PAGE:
Sweet Little Lies
The white lies we tell about our diabetes.
Editor's Note: While this columnist is no longer writing for dLife.com and we have ceased to update the information contained herein, there is much to be read here that is still applicable to the lives of people with diabetes. If you wish to act on anything you learn here, be sure to consult your doctor first. Please enjoy the column!
September 2010 — Bittersweet Karen recently posted about the lies she tells about her type 1 diabetes. The lies she tells are white lies, like "it doesn't hurt," when it comes to lancing a finger, or, "I love having a pump," when she would rather have a working pancreas. You get the idea.
It certainly started me thinking about the white lies I tell, both about my own type 2 diabetes and being the wife of someone with type 1 diabetes.
I am lucky to have been diagnosed with type 2 diabetes at an early age and an early stage. While I am grateful to have avoided complications at diagnosis like so many other older people with type 2, I still wish I could be a little more carefree. Eating right, exercising often, and managing stress are elements of a healthy lifestyle that I must maintain day in and day out for many years to come to avoid the complications that could be lurking just around the corner. Those thoughts can be overwhelming on days I just do not want to play with diabetes.
Since I exercise and eat right, my blood glucose levels are usually in range. Using insulin at this stage of the game is not appropriate. I can do everything I am supposed to do and still end up with less than optimal blood glucose readings. Infection, illness, injury, and my personal favorite - stress, all negate the good things I do for my body and blood glucose control. And when high blood glucose does call, it sends me on an emotional roller coaster that makes things that much worse. These are the times when "taking a hit" of my husband's insulin seems awfully tempting.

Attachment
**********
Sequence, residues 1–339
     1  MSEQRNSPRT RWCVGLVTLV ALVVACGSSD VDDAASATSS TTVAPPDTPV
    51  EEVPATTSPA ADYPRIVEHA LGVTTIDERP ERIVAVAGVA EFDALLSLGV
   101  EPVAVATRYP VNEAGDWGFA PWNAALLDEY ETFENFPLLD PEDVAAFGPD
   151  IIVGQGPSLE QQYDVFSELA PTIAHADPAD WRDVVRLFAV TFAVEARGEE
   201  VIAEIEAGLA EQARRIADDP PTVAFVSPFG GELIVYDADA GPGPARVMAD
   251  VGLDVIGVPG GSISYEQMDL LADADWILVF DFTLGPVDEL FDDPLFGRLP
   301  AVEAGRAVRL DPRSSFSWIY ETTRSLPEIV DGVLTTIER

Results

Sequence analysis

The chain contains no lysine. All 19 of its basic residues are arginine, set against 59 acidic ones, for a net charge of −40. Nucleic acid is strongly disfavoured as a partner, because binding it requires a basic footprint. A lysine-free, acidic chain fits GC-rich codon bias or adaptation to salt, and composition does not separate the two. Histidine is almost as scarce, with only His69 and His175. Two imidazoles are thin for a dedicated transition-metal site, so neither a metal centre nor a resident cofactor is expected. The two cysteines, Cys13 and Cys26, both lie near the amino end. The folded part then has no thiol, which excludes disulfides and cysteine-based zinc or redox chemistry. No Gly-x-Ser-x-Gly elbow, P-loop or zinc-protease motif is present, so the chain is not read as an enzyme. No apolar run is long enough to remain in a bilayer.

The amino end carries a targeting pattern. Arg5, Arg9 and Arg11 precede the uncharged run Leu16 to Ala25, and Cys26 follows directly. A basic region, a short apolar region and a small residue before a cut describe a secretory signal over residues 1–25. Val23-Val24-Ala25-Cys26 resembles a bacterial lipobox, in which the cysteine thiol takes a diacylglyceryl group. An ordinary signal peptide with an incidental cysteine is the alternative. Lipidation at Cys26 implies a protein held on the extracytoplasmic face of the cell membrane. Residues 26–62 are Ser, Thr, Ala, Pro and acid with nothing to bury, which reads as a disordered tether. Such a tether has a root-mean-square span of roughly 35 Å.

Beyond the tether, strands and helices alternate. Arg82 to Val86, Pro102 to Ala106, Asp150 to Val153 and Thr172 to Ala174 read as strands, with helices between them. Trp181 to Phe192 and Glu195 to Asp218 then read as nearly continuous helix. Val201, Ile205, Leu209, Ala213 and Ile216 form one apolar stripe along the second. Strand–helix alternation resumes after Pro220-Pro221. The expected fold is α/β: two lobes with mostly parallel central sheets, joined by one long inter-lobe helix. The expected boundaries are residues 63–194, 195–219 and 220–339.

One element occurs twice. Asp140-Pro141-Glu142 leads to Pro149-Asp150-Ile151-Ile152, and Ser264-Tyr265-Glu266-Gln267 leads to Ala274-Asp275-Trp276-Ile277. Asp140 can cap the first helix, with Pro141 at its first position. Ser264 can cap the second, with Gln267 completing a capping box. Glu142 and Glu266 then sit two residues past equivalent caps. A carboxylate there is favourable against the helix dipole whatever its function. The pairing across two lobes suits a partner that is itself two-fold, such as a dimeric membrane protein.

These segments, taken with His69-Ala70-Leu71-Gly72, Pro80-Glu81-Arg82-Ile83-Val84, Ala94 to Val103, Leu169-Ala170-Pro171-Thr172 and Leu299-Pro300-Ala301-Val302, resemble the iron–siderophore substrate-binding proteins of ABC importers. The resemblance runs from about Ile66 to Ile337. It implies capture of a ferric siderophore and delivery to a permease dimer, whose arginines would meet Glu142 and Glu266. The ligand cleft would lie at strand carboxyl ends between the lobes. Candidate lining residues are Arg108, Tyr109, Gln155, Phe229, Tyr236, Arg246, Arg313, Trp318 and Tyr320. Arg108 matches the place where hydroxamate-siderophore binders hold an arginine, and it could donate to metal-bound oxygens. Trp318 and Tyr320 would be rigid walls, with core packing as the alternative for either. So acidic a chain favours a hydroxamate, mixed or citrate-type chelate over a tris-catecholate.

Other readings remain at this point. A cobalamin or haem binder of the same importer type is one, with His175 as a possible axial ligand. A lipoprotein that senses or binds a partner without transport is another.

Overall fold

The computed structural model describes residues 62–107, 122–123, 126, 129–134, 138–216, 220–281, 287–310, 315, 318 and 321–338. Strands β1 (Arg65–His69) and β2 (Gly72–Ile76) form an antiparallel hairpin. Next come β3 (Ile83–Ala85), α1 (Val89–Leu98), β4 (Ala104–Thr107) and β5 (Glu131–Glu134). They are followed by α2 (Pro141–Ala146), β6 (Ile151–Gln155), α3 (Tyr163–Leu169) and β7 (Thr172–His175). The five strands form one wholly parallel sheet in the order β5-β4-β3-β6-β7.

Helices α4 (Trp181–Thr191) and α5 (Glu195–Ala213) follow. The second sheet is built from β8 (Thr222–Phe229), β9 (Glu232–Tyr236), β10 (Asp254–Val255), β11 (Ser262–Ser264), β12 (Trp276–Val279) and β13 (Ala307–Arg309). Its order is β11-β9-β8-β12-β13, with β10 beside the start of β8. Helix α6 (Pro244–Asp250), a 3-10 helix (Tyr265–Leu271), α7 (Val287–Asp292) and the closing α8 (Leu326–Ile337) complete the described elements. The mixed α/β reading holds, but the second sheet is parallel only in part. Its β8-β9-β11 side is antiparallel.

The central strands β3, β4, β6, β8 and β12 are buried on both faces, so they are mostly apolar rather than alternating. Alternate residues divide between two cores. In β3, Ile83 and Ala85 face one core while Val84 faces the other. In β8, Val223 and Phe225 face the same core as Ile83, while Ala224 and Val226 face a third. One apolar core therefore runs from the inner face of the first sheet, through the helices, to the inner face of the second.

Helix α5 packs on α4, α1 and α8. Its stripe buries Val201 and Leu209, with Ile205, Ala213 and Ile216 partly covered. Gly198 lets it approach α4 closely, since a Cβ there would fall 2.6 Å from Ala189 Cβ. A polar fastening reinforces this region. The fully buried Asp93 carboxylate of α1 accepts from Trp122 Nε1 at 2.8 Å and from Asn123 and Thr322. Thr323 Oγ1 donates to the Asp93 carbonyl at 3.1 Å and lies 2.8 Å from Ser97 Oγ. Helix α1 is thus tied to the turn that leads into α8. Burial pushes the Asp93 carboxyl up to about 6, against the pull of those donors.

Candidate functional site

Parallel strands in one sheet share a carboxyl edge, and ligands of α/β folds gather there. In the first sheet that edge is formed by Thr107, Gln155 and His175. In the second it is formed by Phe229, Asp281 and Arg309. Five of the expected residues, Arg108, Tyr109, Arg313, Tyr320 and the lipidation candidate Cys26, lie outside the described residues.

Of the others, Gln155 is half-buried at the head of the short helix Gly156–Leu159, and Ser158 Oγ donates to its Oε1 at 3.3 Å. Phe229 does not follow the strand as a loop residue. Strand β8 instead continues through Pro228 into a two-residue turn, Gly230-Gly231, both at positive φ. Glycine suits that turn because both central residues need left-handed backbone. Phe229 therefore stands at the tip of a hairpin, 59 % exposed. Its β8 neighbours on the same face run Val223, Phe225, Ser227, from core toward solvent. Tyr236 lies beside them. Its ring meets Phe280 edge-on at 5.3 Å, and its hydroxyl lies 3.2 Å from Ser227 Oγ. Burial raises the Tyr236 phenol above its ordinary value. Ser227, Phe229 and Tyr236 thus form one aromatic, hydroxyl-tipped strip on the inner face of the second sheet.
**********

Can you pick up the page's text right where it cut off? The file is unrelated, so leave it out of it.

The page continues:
One cookie or one piece of bread will not lead to complications. I need to be more honest with myself on the subject of carbohydrate addiction. I know that one cookie or one piece of bread leads to another for me and often, to another and another. If I keep eating like that all the time, my average blood glucose readings will rise and put me at more risk of complications. (And I will wonder why I cannot take a "hit" of my husband's insulin. Again.)
Coming downstairs in the morning to find evidence that my husband experienced low blood sugar overnight does not affect me as much as when I am there with him when low blood sugar incidents happen. I hate seeing glasses with remnants of juice on the counter or candy spilled on the kitchen floor. As a heavy sleeper, I do not notice these events as they occur, though knowing that my husband has had to manage a low blood sugar on his own during the night frightens me. I never know if I will wake up some morning to him lying on the kitchen floor instead of just some spilled candy.
If I thought about it long enough, I am sure I could come up with ten more white lies told about diabetes in this household, both his and hers.
Read more of Rachel's columns.
dLife's Viewpoints columnists are not all medical experts, but everyday people living with diabetes and sharing their personal experiences, most often at a set point in time. While their method of diabetes management may work for them, everyone is different. Please consult with your diabetes care team before acting on anything you read here to find out what will work best for you.
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Many people say that depression is a side effect or complication of diabetes. Without discounting the association of the psychological condition with the physical one, I'm not convinced that our high and/or unstable glucose levels are directly responsible for that change in our mental state. My belief is that the unrelenting need for self-care, for following the sort of care schedules that can drive licensed, professional caregivers crazy, is what overwhelms us...